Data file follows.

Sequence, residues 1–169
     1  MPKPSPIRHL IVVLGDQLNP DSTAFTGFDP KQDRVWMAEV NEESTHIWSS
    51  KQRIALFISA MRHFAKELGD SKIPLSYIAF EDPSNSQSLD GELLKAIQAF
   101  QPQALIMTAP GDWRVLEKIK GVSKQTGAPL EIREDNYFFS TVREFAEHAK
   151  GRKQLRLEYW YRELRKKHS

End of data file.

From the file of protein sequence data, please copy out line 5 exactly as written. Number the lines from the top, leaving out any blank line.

   151  GRKQLRLEYW YRELRKKHS